• Kathleen T. Norris,
    • "The Mother of Angela Hogan," Baker's Dozen ()
  • There seems to be so much more winter than we need this year.

  • Don't be bitter ... One may have been a fool, but there's no foolishness like being bitter.

  • When they were going to be flagrantly, brutally selfish, how men did love to talk of being fair!

  • The mystery that draws one human being toward another must remain a mystery to the end.

  • I think people have to be rather simple to think each other wonderful, and to hear the same jokes, and express the same opinions for fifty years. I've always noticed that the persons who had golden weddings looked rather dull.

  • There's nothing so upsetting to one's philosophy as meeting an entirely happy person!

  • I think God made women wanting everything.

  • Times had changed; women could do things now that they couldn't do thirty years ago.

  • ... her thoughts went on, happy thoughts, yet with an undercurrent of that soberness that is the inevitable fruit of life.

  • It isn't the things that happen to us, it's the things we think are going to happen to us that drive us almost crazy ...

  • We raked books off the shelves by the dozen and hauled them along on picnics, to haylofts, up oak trees, to bath and to bed. The one terrifying possibility was to find oneself without a book.

  • Life, although it takes us many years and many tears to discover it, life is only another name for death; they cannot exist independently.

  • The clearing-house of the brain, the wings of the spirit, books lift us away from the petty, crowded day's smallness and entanglement.

  • The lover of books is a miner, searching for gold all his life long. He finds his nuggets, his heart leaps in his breast; he cannot believe in his good fortune. Traversing a slow page, to come upon a lode of the pure shining metal is to exult inwardly for greedy hours. It belongs to no one else; it is not interchangeable.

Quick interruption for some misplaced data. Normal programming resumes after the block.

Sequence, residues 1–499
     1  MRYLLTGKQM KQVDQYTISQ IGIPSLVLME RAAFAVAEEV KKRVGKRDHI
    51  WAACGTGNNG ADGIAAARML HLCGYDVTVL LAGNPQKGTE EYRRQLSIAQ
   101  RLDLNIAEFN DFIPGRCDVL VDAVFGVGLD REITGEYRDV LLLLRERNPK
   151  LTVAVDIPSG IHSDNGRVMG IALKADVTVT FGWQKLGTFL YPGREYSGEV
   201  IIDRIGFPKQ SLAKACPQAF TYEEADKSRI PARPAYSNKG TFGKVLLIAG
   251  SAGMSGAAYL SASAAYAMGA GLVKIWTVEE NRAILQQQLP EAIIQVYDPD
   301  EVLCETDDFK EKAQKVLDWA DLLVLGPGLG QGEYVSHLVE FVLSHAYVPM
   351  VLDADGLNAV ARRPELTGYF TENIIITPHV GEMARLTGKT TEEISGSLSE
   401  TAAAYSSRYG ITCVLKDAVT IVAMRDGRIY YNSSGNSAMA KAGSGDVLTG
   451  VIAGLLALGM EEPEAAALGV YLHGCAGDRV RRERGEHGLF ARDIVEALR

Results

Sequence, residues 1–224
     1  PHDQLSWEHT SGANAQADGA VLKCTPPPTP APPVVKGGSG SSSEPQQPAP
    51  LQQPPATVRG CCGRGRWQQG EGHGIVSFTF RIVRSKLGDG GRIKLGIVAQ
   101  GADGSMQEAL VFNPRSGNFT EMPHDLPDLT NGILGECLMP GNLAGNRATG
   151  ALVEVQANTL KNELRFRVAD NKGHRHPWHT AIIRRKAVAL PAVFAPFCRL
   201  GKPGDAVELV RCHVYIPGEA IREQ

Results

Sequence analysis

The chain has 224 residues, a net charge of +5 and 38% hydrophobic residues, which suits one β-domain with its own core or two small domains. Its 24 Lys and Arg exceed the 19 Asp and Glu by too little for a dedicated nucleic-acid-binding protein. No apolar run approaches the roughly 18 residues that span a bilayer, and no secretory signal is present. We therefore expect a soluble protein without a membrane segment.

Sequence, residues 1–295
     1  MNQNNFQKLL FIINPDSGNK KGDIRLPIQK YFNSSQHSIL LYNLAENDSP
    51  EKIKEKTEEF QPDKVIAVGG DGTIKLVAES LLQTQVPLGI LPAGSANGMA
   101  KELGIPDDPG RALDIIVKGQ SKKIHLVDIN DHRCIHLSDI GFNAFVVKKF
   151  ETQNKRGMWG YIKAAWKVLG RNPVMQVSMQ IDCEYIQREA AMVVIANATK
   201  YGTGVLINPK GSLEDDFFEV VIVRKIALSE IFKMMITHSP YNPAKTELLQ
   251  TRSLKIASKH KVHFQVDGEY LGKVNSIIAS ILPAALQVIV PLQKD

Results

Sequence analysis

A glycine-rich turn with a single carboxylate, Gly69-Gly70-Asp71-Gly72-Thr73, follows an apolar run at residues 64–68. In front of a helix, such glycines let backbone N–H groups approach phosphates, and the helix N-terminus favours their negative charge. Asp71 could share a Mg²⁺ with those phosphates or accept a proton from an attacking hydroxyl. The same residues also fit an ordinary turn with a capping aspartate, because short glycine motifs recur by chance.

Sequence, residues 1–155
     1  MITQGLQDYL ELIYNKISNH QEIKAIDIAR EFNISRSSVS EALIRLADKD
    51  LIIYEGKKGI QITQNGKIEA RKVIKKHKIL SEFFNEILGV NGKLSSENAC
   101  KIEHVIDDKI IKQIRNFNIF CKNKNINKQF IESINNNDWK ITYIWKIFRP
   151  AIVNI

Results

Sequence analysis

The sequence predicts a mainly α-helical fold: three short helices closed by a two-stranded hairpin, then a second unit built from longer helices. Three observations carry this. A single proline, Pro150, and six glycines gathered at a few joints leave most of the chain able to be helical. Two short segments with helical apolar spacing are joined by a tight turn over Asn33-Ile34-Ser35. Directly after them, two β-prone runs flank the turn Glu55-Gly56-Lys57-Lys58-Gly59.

• ... if, at the end of the saddest, the most disappointing and hurtful day, each one of us may come to a quiet room somewhere, and that room his own, if there is a light burning above white pillows, and a pile of books waiting under the light, then indeed we may still praise Allah, that He has not terminated all the Delights.

  • If there were but one place in the world where we could find them [books], we must all be pilgrims. If one man possessed them all, we must all be suitors.

  • People care so much in war and forget so fast in peace!

  • ... San Francisco always is and always will be the youngest at heart of all the cities in the world ...

  • Jealousy can be like that, as anxious to be near to its object as love can be.

  • The good things end and the bad things end, / But the sum of it all at the last is gain, / While books and the cliffs and the seas remain, / And the strong true hand of a friend.

  • Before you begin a thing remind yourself that difficulties and delays quite impossible to foresee are ahead ... You can only see one thing clearly and that is your goal. Form a mental vision of that and cling to it through thick and thin.

    • Kathleen T. Norris
  • In spite of the cost of living, it's still popular.

    • Kathleen T. Norris

Kathleen T. Norris, U.S. novelist, pacifist

(1880 - 1966)

Full name: Kathleen Thompson Norris. She wrote dozens of very popular novels, and was probably the most highly paid female writer of her generation.